I see, in a poll of favourite holiday places in the UK, conducted by the Tourist Board, North Yorkshire came first. This must be very good news this year for our huge tourist industry up here, but it does make me pleased that we live slightly off the beaten track.
On Sunday we went up into Swaledale, which starts only two or three miles from our farm and which is a very different dale from Wensleydale, much wilder, higher and in a lot of places man-made landscape.
Lead was mined up here as early as Anglo-Saxon times. If you read my post on Addlebrough and the Ninth Legion of the Roman Army you will have read about the battles with the Brigantes. Well, apparently, the prisoners that were taken at the battle were sent as slaves to work in the lead mines of Swaledale. Oh what cruelty and deprivation haunts this beautiful land of ours.
We went first to Grinton, which sits on the top of the moor that bears the name of our village. This is active grouse moor and here and there red grouse were sitting on the heather enjoying the sunshine. In the distance were plumes of smoke where they were burning off patches of heather - an essential part of grouse-moor management.
Parts of Grinton lead mine workings have been carefully preserved. To search for lead they looked for veinstones and when they found enough to suggest that there was lead-bearing ore, they would dam up the beck at its head on top of the moor and let in back up. Once there was enough water they would knock down the dam and water would gush down the stream bed, scouring the surfaces and exposing the rock. This left huge gashes in the hillsides - called hushes. Later in the week, when I put on a post about Arkengarthdale I will put on a photo of hushes. Many of them are as deep as thirty feet or more.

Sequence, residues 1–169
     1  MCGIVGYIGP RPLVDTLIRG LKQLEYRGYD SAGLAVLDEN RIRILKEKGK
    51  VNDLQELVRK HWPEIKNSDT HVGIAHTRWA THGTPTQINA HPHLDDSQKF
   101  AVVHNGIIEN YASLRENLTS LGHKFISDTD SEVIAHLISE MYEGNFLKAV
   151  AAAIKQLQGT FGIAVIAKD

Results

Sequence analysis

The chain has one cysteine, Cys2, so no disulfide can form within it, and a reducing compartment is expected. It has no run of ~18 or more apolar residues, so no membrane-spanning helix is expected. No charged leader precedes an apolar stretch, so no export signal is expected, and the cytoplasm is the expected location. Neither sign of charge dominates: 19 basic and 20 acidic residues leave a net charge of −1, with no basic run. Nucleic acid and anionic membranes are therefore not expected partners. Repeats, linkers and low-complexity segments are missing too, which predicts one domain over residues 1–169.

Then the miners would go in and dig out the lead bearing rocks. They would sort out and throw away any rocks which had no ore veins in them; then they would crush the ore bearing rocks by hand (later by machinery); wash it on racks; then it would be ready for smelting.
The photographs show the smelt mill remains at Grinton. There is also a shot of the flue - or part of it. These flues often went as far as a mile up the hillside and ended with a chimney (some chimneys still remain and are visible for miles). What they needed was a good draught for the smelting and the flue and chimney also carried away the noxious fumes - well away from where the men were working.
When the vaporised lead had condensed in the flue, small boys would be sent up with a brush and shovel to collect it.
Vast fortunes were made in the early nineteenth century but not by the miners (same old story). These men often walked four or five miles over moorland to get to their lead workings, often in bitter weather, poorly clad, from little mining cottages where the lived in squalor. Then after a hard days work regardless of weather, they would have to walk back home - and all for fourpence a day:-
Fourpence a day me lads, and very hard to work,
And never a pleasant word from the gruffy-looking turk.
But his conscience it may fail him
and his heart it may give way.
Then he'll raise our wages to ninepence a day!
In the early part of the twentieth century the bottom fell out of the market because of cheap imports (same old story) and the poverty-striken miners had to move on. Some went down the pits in Durham, some went into the mills in Lancashire and the more adventurous went to Spain
There is a record of many of them emigrating to America (can you imagine the conditions on the boats for these very poor families, who had very little). There is record of families walking from
Swale dale to Liverpool, pulling all their belongings on a sledge behind them. It is said that one poor family, who had a terrible journey to Liverpool, thought they had reached America when they got there and didn't realise that there was still a journey across the Atlantic. Many of the women and children died on the voyage. The men mostly went to the same area of the States and settled in a town which they called Richmond, after the town at the head of Swaledale
Tomorrow I will take you up into even higher country. Meanwhile let us all enjoy our comfortable life style and be grateful that we don't have to endure those awful conditions.